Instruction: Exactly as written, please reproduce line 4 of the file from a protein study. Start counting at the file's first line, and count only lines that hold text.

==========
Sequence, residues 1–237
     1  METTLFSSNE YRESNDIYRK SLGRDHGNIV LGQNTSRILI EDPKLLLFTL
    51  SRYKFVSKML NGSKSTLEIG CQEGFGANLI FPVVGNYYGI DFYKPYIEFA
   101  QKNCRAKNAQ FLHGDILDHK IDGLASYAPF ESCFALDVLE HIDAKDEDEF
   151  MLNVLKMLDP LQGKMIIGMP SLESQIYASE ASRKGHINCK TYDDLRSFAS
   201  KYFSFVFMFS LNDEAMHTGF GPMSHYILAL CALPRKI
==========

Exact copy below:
   101  QKNCRAKNAQ FLHGDILDHK IDGLASYAPF ESCFALDVLE HIDAKDEDEF